There is also the legacy of U.S. nuclear threats. Unlike any other nation, on more than 30 occasions since the A-bombing of Nagasaki, every U.S. president has prepared or threatened to initiate first-strike nuclear attacks during crises, confrontations and wars. This has led nations — including North Korea and Iran — to seek deterrent nuclear forces. Since 1950, the U.S. has threatened North Korea with nuclear attack at least eight times. Nearly a dozen such threats have been made during Middle East wars and crises. Since the end of the Cold War, Iraq, Iran, North Korea and Libya have been threatened with U.S. nuclear attacks. And, the 2002 Bush-Cheney Nuclear Posture Review named seven nations as primary U.S. nuclear targets: Iraq, Iran, North Korea, China, Russia, Libya and Syria.

The Bush administration compounded these structural and historical crises with its arrogant approach to the two Koreas. In one of his first foreign policy blunders, two months after assuming office, President Bush humiliated South Korea’s courageous Prime Minister Kim Dae-jung and derailed the nearly completed disarmament process with North Korea initiated by former Secretary of State Madeleine Albright. In response, North Korea resumed development of what appears to be its primitive nuclear weapons program, and the U.S.-South Korean alliance has been in shambles.

The stakes of the U.S.-Korean crisis are far greater than is popularly understood. More immediate than the decade or so that it will take North Korea to develop nuclear weapons that work and missiles that could reach Seattle, or the possibility it might export nuclear technologies, is the danger of a catastrophic Northeast Asian arms race. Japan’s new nationalist prime minister is not only the grandson of a Class A war criminal later nurtured by the CIA, but a man who has advocated that Japan — which has hundreds of tons of weapons grade plutonium and missiles that can reach the moon — become a nuclear weapons state with a first-strike policy. Given the still deep wounds of Japan’s brutal conquest and colonization of much of China and all of Korea, a Japanese nuclear weapons program would likely lead China to jettison its “minimum deterrent” nuclear policy. A dangerous 21st century nuclear arms race involving the U.S. would then be fully engaged.

This need not be our future. Anticipating Kofi Annan and Jimmy Carter, during the week before the North Korean test, a delegation of senior Japanese nuclear weapons abolitionists — including A-bomb survivors — reminded U.S. audiences that the world is almost completely unified in opposing a North Korean A-bomb. They also warned that much of the world is aghast at the prospect of the world’s superpower, with its arsenal of 15,000 deployed and stockpiled thermonuclear weapons, feeling so threatened by North Korea that it refuses patient bilateral negotiations with the desperately poor and isolated country and threatens military actions and war.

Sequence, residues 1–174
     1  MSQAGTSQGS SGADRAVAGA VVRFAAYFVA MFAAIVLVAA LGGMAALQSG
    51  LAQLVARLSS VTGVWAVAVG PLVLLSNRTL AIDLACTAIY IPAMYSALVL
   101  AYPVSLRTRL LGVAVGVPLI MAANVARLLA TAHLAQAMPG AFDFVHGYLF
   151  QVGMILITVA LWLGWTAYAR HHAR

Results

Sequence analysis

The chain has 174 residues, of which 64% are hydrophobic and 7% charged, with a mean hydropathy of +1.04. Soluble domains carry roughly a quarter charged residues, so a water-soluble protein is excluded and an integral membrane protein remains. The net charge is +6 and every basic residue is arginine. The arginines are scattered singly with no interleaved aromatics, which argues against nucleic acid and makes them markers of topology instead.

As awful as they were, the archetypical Cold Warriors Richard Nixon and Henry Kissinger did not hesitate to negotiate with Soviet and Chinese leaders. Why then do Bush and Cheney fear testing Pyongyang’s offer of a denuclearized Korean peninsula in exchange for bilateral negotiations? Why not use those negotiations to engage the six-party negotiators to create a Northeast Asian Nuclear Weapons Free Zone like those in Southeast Asia, Central Asia, the South Pacific, Africa and Latin America? And, why not prevent future nuclear weapons proliferation and nuclear wars by honoring our “irrevocable commitment” to Article VI of the NPT and by implementing the 13 steps agreed to at the 2000 NPT Review Conference?

Dr. Joseph Gerson is director of programs for the American Friends Service Committee in New England and author of the forthcoming “Empire and the Bomb: How the United States Uses Nuclear Weapons to Dominate the World.” This article is reprinted from “Peacework,” a publication of the AFSC, with permission of the author.